Help your kids with a project that makes money. It may sound ridiculous but the fact that school produces future compliant workers that can earn money for their families may make homeschool look like it does a disservice for kids. But show the world that homeschooling actually teaches your kids being self sufficient. I love the story of the eggs and your youngest one.

    If kids can learn to earn money from an earlier age rather than waiting for parents, the government, adults in general, to spoon feed them what they need it speaks volumes of the benefit.

    Then have the kids advocate for reform of the system. Or at the very least have kids that teach other kids.

    This thought is forming as I write so I am a little scared that I sound crazy but I am convinced that you learn best when showing someone how to do something. Even if you are not a master at it you can help someone learn the basics and then that person gives you ideas on how to get better. No spoon feeding.

    • penelopetrunk
      penelopetrunk says:

      I think it’s an issue of time and energy. I read once that you can only do three things well. For most people that is: take care of their kids, earn money, and take care of their health. Or their marriage. Some people swap the kids/money/gym troika and put marriage somewhere in there instead.

      But my point here is that time is really really limited once there are kids. So the idea that there is also time for activism is hard to get my head around. I mean, which do you give up: kids/money/marriage/health in order to make activism a high priority?

      i think most real activists are either professional activists, and they are effective. Or they are delusional activists and they use activism as an excuse to spend time doing something that is easier than the stuff they really care about, like having dinner with their kids and spouse.


      • Greg
        Greg says:

        It seems to me that you have combined two activities under “taking care of kids”. The first involves the chores and face work involved in meeting their physical and emotional needs. The second is providing an education. Most parents manage to stick to three activities by outsourcing education.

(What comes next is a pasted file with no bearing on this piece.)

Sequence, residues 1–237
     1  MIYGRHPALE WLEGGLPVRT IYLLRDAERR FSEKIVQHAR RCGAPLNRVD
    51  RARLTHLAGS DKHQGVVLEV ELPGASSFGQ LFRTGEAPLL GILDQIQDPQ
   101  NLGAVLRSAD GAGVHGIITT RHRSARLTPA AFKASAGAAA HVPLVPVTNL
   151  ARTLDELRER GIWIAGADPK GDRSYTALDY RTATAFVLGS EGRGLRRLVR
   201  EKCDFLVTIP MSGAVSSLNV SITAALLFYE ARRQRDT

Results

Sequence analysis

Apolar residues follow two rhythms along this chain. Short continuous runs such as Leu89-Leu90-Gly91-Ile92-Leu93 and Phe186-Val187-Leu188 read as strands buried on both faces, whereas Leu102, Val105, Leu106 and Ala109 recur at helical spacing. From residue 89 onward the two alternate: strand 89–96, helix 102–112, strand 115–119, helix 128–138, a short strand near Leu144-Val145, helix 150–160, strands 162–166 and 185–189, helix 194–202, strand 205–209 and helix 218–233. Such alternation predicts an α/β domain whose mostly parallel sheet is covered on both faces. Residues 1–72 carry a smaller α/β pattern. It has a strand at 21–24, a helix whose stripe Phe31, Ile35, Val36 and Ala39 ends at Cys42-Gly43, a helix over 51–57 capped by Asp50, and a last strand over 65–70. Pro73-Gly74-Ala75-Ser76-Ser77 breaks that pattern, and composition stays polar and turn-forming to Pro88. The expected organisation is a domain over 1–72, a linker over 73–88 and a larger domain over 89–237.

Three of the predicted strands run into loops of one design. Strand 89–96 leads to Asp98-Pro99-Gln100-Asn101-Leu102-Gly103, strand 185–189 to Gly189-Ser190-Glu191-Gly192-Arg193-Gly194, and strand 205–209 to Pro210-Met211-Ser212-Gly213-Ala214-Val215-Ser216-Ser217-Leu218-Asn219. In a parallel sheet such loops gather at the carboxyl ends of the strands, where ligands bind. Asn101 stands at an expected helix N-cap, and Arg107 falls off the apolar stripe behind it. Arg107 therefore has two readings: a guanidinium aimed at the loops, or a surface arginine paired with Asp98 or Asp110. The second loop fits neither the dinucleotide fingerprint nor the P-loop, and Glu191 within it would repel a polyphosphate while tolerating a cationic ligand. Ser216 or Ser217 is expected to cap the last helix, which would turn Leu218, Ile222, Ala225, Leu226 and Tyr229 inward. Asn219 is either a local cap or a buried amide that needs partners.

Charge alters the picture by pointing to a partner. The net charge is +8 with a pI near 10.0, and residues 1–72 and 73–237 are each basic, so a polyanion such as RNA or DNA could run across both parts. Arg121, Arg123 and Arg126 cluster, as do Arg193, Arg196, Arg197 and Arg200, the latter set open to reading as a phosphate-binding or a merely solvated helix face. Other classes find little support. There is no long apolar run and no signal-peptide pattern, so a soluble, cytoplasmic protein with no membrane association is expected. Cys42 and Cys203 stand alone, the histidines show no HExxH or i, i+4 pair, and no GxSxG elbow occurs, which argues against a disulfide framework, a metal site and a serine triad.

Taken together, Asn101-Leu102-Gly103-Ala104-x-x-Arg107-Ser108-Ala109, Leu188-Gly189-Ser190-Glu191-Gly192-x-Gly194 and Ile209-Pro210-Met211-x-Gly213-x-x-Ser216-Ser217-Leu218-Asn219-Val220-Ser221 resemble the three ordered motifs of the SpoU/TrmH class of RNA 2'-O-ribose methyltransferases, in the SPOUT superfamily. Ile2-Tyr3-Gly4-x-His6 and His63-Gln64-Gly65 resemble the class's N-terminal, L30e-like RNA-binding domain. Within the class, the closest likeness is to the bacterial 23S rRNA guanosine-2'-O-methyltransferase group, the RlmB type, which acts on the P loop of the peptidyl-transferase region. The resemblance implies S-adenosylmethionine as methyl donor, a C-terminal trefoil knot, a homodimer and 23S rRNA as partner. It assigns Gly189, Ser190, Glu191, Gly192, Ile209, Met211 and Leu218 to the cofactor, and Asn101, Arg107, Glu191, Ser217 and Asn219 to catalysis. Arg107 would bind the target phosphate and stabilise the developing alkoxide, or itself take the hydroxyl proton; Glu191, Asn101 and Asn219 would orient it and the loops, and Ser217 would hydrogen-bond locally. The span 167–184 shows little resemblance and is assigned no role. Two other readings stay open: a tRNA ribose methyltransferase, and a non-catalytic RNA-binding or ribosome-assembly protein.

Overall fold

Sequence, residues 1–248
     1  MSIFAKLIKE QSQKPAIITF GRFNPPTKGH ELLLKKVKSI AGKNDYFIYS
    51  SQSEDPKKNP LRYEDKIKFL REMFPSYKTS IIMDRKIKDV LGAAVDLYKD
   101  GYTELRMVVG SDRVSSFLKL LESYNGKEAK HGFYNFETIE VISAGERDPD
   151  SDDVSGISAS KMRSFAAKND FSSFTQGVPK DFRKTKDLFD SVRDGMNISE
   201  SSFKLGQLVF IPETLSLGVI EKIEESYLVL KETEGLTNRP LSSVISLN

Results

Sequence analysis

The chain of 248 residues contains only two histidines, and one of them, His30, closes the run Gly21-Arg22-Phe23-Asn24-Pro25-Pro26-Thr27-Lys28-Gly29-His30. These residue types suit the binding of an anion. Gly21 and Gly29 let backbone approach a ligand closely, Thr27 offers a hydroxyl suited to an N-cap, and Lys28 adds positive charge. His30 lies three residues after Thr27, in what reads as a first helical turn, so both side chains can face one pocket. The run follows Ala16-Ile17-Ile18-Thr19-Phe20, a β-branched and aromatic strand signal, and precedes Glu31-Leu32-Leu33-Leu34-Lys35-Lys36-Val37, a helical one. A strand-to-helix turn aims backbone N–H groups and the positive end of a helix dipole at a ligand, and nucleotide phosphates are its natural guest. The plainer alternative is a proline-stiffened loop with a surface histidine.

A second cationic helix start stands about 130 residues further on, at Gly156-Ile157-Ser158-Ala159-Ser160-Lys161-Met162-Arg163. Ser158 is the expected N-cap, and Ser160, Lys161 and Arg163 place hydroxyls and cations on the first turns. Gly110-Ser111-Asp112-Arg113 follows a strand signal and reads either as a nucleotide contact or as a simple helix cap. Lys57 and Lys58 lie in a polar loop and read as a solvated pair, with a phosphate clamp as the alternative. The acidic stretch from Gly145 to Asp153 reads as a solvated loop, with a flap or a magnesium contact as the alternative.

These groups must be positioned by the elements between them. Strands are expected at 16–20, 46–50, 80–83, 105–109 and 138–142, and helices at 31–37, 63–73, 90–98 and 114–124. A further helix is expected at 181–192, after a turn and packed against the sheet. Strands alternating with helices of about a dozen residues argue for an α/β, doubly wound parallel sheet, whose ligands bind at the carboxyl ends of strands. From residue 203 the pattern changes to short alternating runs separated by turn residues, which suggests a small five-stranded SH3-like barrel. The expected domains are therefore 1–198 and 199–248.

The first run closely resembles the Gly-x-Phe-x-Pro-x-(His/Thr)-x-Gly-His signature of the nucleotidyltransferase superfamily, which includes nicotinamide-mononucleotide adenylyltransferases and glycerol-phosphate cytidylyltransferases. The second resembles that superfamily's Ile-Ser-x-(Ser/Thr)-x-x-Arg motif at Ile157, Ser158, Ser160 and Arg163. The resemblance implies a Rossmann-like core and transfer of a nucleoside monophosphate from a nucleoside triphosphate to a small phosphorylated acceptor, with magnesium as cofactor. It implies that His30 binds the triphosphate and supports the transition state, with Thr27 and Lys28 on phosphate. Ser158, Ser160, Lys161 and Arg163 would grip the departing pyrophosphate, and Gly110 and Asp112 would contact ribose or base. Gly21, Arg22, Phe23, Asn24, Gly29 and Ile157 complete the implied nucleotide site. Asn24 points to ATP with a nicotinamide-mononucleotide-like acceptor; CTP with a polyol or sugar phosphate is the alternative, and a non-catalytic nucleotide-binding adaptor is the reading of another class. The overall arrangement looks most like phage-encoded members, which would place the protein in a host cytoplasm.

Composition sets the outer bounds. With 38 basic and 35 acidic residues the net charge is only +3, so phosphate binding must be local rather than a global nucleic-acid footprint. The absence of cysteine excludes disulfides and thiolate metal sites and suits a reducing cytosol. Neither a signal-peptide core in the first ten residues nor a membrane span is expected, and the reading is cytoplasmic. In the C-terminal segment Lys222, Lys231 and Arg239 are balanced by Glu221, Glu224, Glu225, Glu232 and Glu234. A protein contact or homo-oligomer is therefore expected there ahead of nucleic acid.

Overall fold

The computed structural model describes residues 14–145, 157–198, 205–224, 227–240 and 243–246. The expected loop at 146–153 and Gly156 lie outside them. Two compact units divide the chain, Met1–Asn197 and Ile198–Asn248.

4. Nowgirl
    Nowgirl says:

    I am currently volunteering to start a project-based charter school in my school district. We’ll submit the grant this spring and get the school off the ground in the fall of 2013. Next year, while we’re planning the school, I’ll be cooperatively homeschooling my daughter. If the charter school doesn’t get close enough to providing what I consider a quality school experience, I’ll keep homeschooling… but it’s possible we will create something new and great.

    My activism isn’t lame-duck, or escapist, or hurting my family (the school planning process is really interesting to my kid.). It’s time consuming, at one evening meeting plus some web work every week, but not terribly so.

    You have excellent insights about education but I think project based charters are a way of solving the problem that you may have written off too soon. There is more compatibility between you and Seth Godin than you think.

    Consider visiting some great project based and passion based charters. Homeschooling isn’t the only way to get out of your kids’ way. We can create lots of different structures for that. And some of those structures have the benefit of being useful to kids who don’t have the option of being homeschooled like my kid does (my family has made a lot of sacrifices, including health insurance, to free me up to educate; those sacrifices aren’t right for everyone.)

    I love both your blogs and thank you for the work that goes into them.

    • penelopetrunk
      penelopetrunk says:

      I think the education reform movement has already moved past charter schools.

      Here’s an analogy. Slavery was really bad. Like, destroying peoples’ lives. You could say, let’s get slaves good home. That’ll really help things. But it would be BS.

      The civil rights movement said get rid of slavery. The cotton industry will look totally different.

      The real education reform movement says get rid of schools. The education arena will look totally different.

      Charter schools are not fixing the problem, they are masking the problem. They are buying better homes for slaves.


      • Nowgirl
        Nowgirl says:

        At what point does something become a “school” and therefore a “home for slaves?”. Will my cooperative homeschooling be a home for slaves? Does it depend on how I do the homeschooling?

      • Greg
        Greg says:

        I think this is a totally valid analogy. It is radical though. You are getting to the heart of the matter from my perspective, which is how should we treat children.

  5. Jennifer
    Jennifer says:

    “Your adult life will need to be much more focused on your kids. And obsessing about school reform is a way to avoid the realities of adult life.”


    Heard NPR while driving, a discussion about empowering teachers to deal with emotionally challenged kids, how to interpret kids who come “from other cultures” how to avoid rewarding them with suspensions. People call in and mince the same details: it’s the administration. It’s money. It’s no support at home. Same ole, same ole.